5. Who cares what they’re doing?: Focus on yourself, not on the competition. It’s the only way to grow.
1. Say no by default: Say no to customer requests when it dilutes your vision of the product and explain why.
2. Let your customers outgrow you: Keep your product lean, don’t build features to please established users who have bigger needs since it will cut you from new users. You can’t please everyone by building everything.
3. Don’t confuse enthusiasm with priority: Don’t just jump on the new idea yet. Give it time to mature and stay the course. Evaluate ideas according to your priorities, not your emotions.
4. Be at-home good: An at-home product is the kind of product where the more you use, the more you love it. It doesn’t disappoint after it’s unpacked.
5. Don’t write it down: ”Listen, but then forget […] requests that really matter are the ones you’ll hear over and over.”
1. Welcome obscurity: Not being popular is an opportunity to take more risks by trying out new things, enjoy it.
2. Build an audience: ”An audience returns often - on its own - to see what you have to say.” => best way to sell, not buying ads
3. Out-teach your competition: Teaching what you know is the best way to gain trust. We all have valuable knowledge to share.
4. Emulate chefs: Share everything you know. Transparency is how you outsmart your paranoid competitors.
5. Go behind the scenes: Be transparent about how your business works. It will affect your relationship with your users in a great way: more understanding is more trust.
6. Nobody likes plastic flowers: Own your flaws, don’t be afraid to display them openly. Appearing vulnerable makes you real.
7. Press releases are spam: Always be personal. You don’t stand out by telling the same old story everyone already heard.
8. Forget about the Wall Street Journal: ”Niche media over mass media“.
9. Drug dealers get it right: Give a free sample and make sure the experience is addictive.
10. Marketing is not a department: Everything in your business is a marketing opportunity.
11. The myth of the overnight sensation: Success takes a very long time. Patiently build an audience over the years.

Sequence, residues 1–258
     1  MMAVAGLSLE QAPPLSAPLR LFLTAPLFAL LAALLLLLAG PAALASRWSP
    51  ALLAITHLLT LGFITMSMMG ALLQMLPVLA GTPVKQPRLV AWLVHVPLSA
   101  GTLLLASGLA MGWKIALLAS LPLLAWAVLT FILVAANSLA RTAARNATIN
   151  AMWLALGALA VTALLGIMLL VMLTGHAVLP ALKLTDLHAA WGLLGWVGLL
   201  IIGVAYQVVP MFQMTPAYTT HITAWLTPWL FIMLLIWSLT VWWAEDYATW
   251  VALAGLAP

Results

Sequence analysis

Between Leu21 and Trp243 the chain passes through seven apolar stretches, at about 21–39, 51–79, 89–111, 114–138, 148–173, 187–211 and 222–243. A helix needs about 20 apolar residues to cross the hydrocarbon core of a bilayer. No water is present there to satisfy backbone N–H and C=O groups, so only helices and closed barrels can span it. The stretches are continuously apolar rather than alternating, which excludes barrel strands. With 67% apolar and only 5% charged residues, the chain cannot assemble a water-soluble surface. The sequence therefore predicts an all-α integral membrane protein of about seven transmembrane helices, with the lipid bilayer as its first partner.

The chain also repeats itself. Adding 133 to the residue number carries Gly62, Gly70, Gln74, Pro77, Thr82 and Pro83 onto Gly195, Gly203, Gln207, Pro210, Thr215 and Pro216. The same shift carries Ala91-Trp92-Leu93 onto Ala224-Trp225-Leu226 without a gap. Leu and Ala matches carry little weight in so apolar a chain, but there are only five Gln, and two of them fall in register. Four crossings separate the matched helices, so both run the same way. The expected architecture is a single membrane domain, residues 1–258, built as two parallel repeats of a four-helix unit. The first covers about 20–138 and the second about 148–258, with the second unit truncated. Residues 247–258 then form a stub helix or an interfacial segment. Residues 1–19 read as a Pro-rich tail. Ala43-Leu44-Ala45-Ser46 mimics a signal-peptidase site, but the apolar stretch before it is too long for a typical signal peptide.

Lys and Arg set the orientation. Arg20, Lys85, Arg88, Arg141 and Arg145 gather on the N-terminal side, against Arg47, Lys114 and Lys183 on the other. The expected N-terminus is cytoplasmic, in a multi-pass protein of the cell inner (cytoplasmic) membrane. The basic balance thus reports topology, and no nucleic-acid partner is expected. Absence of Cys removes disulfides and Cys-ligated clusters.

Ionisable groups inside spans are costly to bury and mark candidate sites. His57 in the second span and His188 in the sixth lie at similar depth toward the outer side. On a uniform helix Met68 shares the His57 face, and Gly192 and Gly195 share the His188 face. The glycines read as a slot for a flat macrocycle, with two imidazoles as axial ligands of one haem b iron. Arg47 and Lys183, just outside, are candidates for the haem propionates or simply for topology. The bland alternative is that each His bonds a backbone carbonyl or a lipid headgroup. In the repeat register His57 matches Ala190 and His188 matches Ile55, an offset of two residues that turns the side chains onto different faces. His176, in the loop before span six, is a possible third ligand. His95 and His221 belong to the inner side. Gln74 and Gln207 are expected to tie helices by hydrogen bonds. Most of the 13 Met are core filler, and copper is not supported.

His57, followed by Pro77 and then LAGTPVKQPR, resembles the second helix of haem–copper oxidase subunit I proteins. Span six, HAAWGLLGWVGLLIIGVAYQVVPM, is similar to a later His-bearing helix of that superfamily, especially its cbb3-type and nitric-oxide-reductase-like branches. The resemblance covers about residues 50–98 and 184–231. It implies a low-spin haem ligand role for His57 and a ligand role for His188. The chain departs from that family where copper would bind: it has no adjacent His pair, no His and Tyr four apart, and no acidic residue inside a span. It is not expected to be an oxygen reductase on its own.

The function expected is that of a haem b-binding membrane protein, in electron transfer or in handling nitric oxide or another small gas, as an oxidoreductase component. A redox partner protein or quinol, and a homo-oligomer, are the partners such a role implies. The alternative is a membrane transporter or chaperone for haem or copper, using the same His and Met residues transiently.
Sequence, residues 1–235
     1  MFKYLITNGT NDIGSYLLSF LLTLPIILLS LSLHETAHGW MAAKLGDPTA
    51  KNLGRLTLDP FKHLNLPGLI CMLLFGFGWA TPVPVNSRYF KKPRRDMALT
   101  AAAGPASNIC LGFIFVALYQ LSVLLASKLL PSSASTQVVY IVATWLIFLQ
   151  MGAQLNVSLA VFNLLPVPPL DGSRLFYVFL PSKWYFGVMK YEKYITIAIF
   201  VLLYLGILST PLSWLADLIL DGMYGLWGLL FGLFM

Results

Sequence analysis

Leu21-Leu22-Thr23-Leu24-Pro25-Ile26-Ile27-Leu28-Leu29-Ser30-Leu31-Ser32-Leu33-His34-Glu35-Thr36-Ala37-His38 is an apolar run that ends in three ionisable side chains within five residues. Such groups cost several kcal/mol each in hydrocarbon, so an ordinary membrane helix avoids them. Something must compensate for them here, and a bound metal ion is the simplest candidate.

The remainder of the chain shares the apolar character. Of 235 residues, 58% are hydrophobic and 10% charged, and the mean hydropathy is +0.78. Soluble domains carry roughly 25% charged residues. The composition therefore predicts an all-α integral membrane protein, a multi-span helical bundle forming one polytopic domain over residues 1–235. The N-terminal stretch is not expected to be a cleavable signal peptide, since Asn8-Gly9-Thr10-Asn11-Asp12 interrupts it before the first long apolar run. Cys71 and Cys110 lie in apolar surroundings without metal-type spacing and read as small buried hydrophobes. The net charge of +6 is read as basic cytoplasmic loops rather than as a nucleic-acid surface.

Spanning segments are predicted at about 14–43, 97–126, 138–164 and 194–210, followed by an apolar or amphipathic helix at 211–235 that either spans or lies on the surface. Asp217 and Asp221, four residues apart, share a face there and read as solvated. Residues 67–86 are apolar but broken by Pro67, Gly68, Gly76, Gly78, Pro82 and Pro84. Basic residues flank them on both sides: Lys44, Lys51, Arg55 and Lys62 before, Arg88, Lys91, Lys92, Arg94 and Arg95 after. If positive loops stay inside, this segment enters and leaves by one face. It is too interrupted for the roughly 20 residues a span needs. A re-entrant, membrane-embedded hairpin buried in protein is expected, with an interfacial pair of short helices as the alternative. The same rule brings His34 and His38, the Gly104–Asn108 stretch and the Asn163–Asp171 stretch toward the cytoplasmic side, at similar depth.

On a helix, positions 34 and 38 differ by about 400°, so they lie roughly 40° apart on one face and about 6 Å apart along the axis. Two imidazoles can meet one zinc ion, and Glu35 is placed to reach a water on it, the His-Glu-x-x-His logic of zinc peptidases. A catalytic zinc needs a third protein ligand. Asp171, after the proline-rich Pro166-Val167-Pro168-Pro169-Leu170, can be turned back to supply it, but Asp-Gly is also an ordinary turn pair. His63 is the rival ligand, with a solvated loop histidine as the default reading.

1. Do it yourself first: ”Never hire anyone to do a job until you’ve tried to do it yourself first.” You need to understand what you expect from your employee before having one.
2. Hire when it hurts: Hire when doing otherwise would result in a decrease of the overall quality level.
3. Pass on great people: Don’t hire people you don’t need, however talented they might be.
4. Strangers at a cocktail party: Hiring too quickly doesn’t set the right environment to productively work in because we naturally tend to avoid conflicts with people we don’t know.
5. Resumes are ridiculous: Don’t hire based on resumes. A cover letter is better because it involves getting personal.
6. Years of irrelevance: How well you’ve been doing your work beats how long you’ve been in a position.
7. Forget about formal education: Don’t limit your talent pool to individuals with degrees. Make the distinction between schooling and education.
8. Everybody works: Don’t hire managers. Everyone should do work, not delegate it.
9. Hire managers of one: A manager of one manages himself/herself. They are self-driven, all they need is a direction.
10. Hire great writers: ”Clear writing is a sign of clear thinking. […] They make things easy to understand. […] Writing is today’s currency for good ideas.”
11. The best are everywhere: Hiring remotely allows you to access a greater talent pool: location shouldn’t be a hiring criteria anymore.
12. Test-drive employees: The best way to evaluate a potential employee is to hire him/her to work on a miniproject.
X. DAMAGE CONTROL
1. Own your bad news: Tell anything that happens: bad and good news alike. Trust requires transparency. Don’t hesitate to apologize.
2. Speed changes everything: Good customer service is about being fast and personal. Always be polite and solution-driven, even when you don’t know the answer (yet).
3. How to say you’re sorry: Own your responsibility. Explain the problem, the quick fix, and the long-term solution. Always be in your customer’s shoes.
4. Put everyone on the front lines: Never totally cut yourself from a customer-facing position. Interacting with customers is how you improve.
5. Take a deep breath: Own the changes you believe in. People will criticize the changes you make, resist the temptation to please everyone and wait for them to get used to it.
1. You don’t create a culture: ”Culture is the byproduct of consistent behavior.” A culture is not made, it’s stumbled upon.
2. Decisions are temporary: Don’t be afraid of changing your decisions. Live in the present and don’t plan far ahead.
3. Skip the rock stars: Anyone can be a rock star worker with the right environment: focus on building a rock star environment.
4. They’re not thirteen: Trust your employees, give them the independence they need. How people spend their time doesn’t matter as much as the delivery, as long as the quality is here.
5. Send people home at 5: Encourage people to make a better use of their time instead of telling them to work longer hours. You want your employees to have a life outside of work.
6. Don’t scar on the first cut: ”Don’t create a policy because one person did something wrong once.”
7. Sound like you: Don’t try to act, be yourself. Write like you talk: be friendly without being formal.
8. Four-letter words: The words need, must, can’t, easy, just, only, and fast are inviting bad assumptions. Don’t use them.
9. ASAP is poison: Don’t use ASAP.
1. Inspiration is perishable: ”Inspiration is a now thing.” Grab it when it happens, you can’t delay it.
Rework is a book full of wisdom any entrepreneur should read to build more transparent, healthy, and efficient businesses.